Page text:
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Earl to come before them. He, pretending to
be ill, declined; and it was then settled
among his friends, that as the next day would
be Sunday when many of the citizens usually
assembled at the Cross by Saint Paul's
Cathedral, he should make one bold effort to
induce them to rise and follow him to the

So, on the Sunday morning, he and a small
body of adherents started out of his house
Essex House by the Strand, with steps to the
riverhaving first shut up in it, as prisoners,
some members of the council who came to
examine him, and hurried into the City with
the Earl at their head, crying out, "For the
Queen! For the Queen! A plot is laid for my
life!" No one heeded them, however, and
when they came to Saint Paul's there were no
citizens there. In the meantime, the prisoners
at Essex House had been released by one of
the Earl's own friends; he had been promptly
proclaimed a traitor in the City itself; and
the streets were barricaded with carts and
guarded by soldiers. The Earl got back to
his house by water, with great difficulty, and,
after an attempt to defend it against the troops
and cannon by which it was soon surrounded,
gave himself up that night. He was brought
to trial on the nineteenth, and found guilty;
on the twenty-fifth, he was executed on
Tower Hill, where he died, at thirty-four
years old, both courageously and penitently.
His step-father suffered with him. His
enemy, Sir Walter Raleigh, stood near the
scaffold all the timebut not so near to it as
we shall see him stand, before we finish his

In this case, as in those of the Duke
of Norfolk and Mary Queen of Scots,
the Queen had commanded, and countermanded,
and again commanded, the execution.
It is probable that the death of her young
and gallant favorite, in the prime of his
good qualities, was never off her mind
afterwards, but she held out, the same vain,
obstinate and capricious woman, for another
year. Then she danced before her Court on
a state occasionand cut, I should think, a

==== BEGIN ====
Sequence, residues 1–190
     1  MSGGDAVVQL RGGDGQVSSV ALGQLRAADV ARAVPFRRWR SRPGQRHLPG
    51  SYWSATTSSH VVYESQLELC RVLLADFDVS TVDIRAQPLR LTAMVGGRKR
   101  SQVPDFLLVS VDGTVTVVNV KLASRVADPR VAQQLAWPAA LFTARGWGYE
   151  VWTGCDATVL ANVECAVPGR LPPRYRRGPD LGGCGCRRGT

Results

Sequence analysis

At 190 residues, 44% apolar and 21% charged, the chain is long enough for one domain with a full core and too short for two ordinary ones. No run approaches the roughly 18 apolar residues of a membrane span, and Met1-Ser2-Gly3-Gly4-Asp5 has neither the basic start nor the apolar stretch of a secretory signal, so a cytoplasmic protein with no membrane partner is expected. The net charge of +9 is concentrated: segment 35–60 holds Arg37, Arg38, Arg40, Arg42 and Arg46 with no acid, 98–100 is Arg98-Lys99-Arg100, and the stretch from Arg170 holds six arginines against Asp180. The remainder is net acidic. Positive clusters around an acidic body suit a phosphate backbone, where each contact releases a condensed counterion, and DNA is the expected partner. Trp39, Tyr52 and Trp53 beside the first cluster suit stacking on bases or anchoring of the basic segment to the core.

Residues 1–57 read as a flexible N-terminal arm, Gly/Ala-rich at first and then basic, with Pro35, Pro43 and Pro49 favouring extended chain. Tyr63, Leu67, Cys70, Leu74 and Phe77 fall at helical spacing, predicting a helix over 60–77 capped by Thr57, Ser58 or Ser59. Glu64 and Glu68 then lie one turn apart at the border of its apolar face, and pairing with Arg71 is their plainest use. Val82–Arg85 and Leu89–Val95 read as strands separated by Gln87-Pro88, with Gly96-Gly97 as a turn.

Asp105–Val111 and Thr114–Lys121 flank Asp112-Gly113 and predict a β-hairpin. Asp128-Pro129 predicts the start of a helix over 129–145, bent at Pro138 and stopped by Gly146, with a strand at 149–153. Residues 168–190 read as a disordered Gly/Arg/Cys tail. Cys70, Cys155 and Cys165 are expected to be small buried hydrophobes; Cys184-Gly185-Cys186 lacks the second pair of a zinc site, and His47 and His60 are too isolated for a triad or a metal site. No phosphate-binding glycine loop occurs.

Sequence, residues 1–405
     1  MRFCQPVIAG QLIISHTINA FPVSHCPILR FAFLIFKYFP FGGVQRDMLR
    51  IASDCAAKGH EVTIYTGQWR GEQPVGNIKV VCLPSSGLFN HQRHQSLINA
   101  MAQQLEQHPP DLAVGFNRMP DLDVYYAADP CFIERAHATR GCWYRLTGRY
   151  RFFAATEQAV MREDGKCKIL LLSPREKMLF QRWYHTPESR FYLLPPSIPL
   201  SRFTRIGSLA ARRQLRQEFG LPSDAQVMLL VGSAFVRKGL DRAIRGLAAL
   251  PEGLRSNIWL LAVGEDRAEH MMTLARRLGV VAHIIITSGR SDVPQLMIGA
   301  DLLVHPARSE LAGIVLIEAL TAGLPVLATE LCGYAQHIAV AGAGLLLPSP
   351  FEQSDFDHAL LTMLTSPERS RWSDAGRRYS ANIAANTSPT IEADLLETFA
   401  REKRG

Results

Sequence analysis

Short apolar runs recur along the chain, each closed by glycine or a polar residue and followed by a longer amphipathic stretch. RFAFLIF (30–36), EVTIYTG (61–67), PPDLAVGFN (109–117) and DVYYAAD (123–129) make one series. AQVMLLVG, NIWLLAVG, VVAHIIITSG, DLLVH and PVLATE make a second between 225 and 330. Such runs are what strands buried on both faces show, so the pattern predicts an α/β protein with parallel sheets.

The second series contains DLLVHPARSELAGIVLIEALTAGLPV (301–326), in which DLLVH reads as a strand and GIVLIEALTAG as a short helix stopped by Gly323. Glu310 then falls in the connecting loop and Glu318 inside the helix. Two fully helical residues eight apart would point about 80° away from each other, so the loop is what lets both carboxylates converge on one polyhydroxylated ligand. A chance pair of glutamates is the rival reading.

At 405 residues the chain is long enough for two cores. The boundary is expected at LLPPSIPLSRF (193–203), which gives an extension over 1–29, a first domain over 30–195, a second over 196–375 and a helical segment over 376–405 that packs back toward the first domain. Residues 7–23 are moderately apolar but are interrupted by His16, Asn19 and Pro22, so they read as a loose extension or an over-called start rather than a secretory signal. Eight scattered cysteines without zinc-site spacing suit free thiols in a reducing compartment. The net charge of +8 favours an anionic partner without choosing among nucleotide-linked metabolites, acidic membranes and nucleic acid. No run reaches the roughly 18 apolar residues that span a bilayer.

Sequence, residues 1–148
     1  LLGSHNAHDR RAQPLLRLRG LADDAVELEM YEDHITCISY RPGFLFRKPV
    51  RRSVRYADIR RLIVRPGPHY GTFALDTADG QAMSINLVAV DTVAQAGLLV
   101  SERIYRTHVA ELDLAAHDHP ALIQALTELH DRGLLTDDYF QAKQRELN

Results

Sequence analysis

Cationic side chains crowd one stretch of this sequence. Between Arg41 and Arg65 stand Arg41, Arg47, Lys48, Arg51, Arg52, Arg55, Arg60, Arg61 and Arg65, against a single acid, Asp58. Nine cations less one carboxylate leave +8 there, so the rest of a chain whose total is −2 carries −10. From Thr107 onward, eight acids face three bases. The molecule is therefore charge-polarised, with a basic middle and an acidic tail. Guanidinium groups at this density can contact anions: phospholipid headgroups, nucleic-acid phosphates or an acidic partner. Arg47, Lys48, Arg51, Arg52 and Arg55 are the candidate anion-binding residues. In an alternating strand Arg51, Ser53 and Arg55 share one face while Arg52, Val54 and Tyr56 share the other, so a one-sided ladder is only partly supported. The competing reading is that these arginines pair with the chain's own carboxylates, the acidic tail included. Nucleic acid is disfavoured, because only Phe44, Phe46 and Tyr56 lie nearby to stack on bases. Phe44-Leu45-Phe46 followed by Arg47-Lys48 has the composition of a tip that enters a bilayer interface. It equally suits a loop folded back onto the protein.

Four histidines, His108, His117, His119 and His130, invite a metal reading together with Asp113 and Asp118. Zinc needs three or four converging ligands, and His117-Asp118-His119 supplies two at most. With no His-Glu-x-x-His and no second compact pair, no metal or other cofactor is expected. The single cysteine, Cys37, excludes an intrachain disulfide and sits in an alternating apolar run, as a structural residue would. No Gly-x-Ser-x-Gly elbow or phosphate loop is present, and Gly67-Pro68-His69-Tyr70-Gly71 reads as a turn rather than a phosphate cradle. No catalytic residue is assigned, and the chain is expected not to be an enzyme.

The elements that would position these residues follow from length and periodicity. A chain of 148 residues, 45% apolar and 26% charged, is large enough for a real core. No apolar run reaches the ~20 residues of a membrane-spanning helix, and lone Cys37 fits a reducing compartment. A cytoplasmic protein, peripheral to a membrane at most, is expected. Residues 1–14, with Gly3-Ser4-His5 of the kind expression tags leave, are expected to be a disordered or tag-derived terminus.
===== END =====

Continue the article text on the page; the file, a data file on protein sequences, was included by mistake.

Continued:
mighty ridiculous figure, doing so in an
immense ruff, stomacher, and wig, at seventy
years old. For another year still, she held
out, but, without any more dancing, and as a
moody, sorrowful, broken creature. At last,
on the tenth of March, one thousand six
hundred and three, having been ill of a very
bad cold, and made worse by the death of the
Countess of Nottingham, who was her
intimate friend, she fell into a stupor and was
supposed to be dead. She recovered her
consciousness, however, and then nothing
would induce her to go to bed; for she said
she knew that if she did, she would never get
up again. There she lay for ten days, on
cushions on the floor, without any food, until
the Lord Admiral got her into bed at last,
partly by persuasions and partly by main
force. When they asked her who should
succeed her, she replied that her seat had
been the seat of Kings, and that she would
have for her successor "No rascal's son, but
a King's." Upon this, the lords present stared
at one another, and took the liberty of asking
whom she meant; to which she replied,
"Whom should I mean, but our cousin of
Scotland!" This was on the twenty-third
of March. They asked her once again that
day, after she was speechless, whether she
was still in the same mind? She struggled
up in bed, and joined her hands over her
head in the form of a crown, as the only
reply she could make. At three o'clock next
morning, she very quietly died, in the forty-
fifth year of her reign.

That reign had been a glorious one, and is
made for ever memorable by the distinguished
men who flourished in it. Apart from the
great voyagers, statesmen, and scholars, whom
it produced, the names of BACON, SPENSER,
and SHAKSPEARE, will always be remembered
with pride and veneration by the civilised
world, and will always impart (though with
no great reason, perhaps,) some portion of
their lustre to the name of Elizabeth. It
was a great reign for discovery, for commerce,
and for English enterprise and spirit in
general. It was a great reign for the Protestant
religion and for the Reformation which
made England free. The Queen was very
popular, and in her Progresses, or journeys
about her dominions, was everywhere received
with the liveliest joy. I think the truth is,
that she was not half so good as she has
been made out, and not half so bad as she
has been made out. She had her fine qualities,
but she was coarse, capricious, and
treacherous, and had all the faults of an
excessively vain young woman long after
she was an old one. On the whole, she had
a great deal too much of her father in her, to
please me.

Many improvements and luxuries were
introduced in the course of these five and
forty years in the general manner of living;
but cock-fighting, bull-baiting, and bear-
baiting were still the national amusements;
and a coach was so rarely seen, and was such
an ugly and cumbersome affair when it was
seen, that even the Queen herself, on many
high occasions, rode on horseback on a pillion
behind the Lord Chancellor.

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